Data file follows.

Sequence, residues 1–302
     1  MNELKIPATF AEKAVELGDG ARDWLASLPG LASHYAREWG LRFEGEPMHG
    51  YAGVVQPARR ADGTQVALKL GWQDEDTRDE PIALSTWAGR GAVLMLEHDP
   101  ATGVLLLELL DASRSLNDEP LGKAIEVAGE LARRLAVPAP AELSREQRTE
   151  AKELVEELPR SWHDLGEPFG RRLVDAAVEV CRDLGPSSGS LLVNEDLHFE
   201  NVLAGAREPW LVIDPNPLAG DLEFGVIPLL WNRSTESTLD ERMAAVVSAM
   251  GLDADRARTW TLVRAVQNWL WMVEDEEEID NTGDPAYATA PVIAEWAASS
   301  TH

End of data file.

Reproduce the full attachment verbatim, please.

Sequence, residues 1–302
     1  MNELKIPATF AEKAVELGDG ARDWLASLPG LASHYAREWG LRFEGEPMHG
    51  YAGVVQPARR ADGTQVALKL GWQDEDTRDE PIALSTWAGR GAVLMLEHDP
   101  ATGVLLLELL DASRSLNDEP LGKAIEVAGE LARRLAVPAP AELSREQRTE
   151  AKELVEELPR SWHDLGEPFG RRLVDAAVEV CRDLGPSSGS LLVNEDLHFE
   201  NVLAGAREPW LVIDPNPLAG DLEFGVIPLL WNRSTESTLD ERMAAVVSAM
   251  GLDADRARTW TLVRAVQNWL WMVEDEEEID NTGDPAYATA PVIAEWAASS
   301  TH